http://www.aca-secretariat.be/fileadmin/templates/2009/images/logosmall.jpgOn 1 January 2012 Denmark took over from Poland the Presidency of the Council of Ministers of the European Union (EU). The Polish Presidency was held at a time of serious economic and financial challenges; however, attention was paid during this period to the higher education agenda. Polish efforts to strengthen cooperation with Eastern Partnership countries, particularly with regard to mobility issues and broader access to programmes funded by the EU, were especially notable.
As for the Danes, this is the seventh time they take the helm of the Union since their accession in 1973, but their first time in this role since the ratification of the Lisbon Treaty, which significantly changed the EU legislative process and the balance of power between EU institutions. The Danish minister for European Affairs, Nicolai Wammen, announced the official presidency programme on 6 January 2012 during a press conference in Copenhagen. The programme is governed by 4 core priorities:
    a responsible Europe;
    a dynamic Europe;
    a green Europe; and 
    a safe Europe.
The programme also outlines the priorities in the fields of education and research. While research objectives seem to enjoy slightly greater visibility within the programme, due to their innovation potential and perceived impact on economic growth, the presidency declares it will “work for placing greater focus on the correlation between research, innovation and education”. In the area of education, the presidency will strive to ensure more coherence between the Strategic Framework for Education and Training (ET2020) and the Europe 2020 strategy, and will put particular emphasis on strengthening the link between education and training and employment. As for research, efforts will focus on negotiating an amendment to the regulation on the European Institute of Innovation and Technology (EIT) and a proposal for the Strategic Innovation Agenda (SIA) to facilitate the future functioning of the EIT.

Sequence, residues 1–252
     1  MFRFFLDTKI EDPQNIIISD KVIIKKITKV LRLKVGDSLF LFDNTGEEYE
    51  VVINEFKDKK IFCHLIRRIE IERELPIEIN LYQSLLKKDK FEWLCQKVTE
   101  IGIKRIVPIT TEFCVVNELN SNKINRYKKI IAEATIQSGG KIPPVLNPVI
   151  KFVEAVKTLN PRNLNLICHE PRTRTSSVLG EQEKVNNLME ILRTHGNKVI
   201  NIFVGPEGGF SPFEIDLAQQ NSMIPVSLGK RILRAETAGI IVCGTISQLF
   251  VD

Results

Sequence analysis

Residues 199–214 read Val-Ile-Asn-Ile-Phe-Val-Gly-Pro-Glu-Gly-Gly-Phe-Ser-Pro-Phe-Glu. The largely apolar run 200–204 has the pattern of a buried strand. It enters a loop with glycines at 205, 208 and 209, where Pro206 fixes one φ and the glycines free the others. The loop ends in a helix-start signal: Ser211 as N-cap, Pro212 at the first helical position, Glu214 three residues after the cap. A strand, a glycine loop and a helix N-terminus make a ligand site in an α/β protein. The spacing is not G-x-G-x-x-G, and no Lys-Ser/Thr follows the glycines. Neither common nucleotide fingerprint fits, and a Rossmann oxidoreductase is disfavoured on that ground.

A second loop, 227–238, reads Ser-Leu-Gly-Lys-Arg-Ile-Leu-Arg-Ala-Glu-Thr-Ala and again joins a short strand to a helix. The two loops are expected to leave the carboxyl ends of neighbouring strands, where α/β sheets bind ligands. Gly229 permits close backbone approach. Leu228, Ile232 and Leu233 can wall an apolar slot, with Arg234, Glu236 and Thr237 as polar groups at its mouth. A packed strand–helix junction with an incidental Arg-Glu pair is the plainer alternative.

The presidency stresses more generally that the negotiations for the Multiannual Financial Framework will receive particular attention in the coming six months, being one of the biggest agenda items for the period. In this respect the presidency will work to ensure that the Erasmus for all proposal will “contribute to making EU programmes within the education, youth and sport sector more user-friendly for students, educational institutions and companies” and that the Horizon 2020 programme “provides researchers, knowledge institutions and companies with easier access to funding”.
The Danish Presidency will end on 1 July 2012, when the EU Presidency will be handed over to Cyprus, with whom Denmark already cooperates in the EU troika (together with Poland—the immediate past presidency holder). Danish EU Presidency.